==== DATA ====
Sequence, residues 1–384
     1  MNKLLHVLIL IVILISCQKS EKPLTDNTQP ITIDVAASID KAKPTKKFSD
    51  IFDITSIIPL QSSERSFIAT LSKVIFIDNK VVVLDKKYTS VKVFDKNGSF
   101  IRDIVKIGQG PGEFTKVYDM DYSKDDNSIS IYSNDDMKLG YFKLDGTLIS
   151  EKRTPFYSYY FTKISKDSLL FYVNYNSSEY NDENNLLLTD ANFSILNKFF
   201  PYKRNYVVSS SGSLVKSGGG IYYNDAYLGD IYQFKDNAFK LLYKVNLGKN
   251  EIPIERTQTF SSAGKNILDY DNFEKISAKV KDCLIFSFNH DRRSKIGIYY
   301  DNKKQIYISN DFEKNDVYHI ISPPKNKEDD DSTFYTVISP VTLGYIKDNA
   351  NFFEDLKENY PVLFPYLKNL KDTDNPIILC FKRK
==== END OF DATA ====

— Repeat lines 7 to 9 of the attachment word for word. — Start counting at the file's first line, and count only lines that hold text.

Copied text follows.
   251  EIPIERTQTF SSAGKNILDY DNFEKISAKV KDCLIFSFNH DRRSKIGIYY
   301  DNKKQIYISN DFEKNDVYHI ISPPKNKEDD DSTFYTVISP VTLGYIKDNA
   351  NFFEDLKENY PVLFPYLKNL KDTDNPIILC FKRK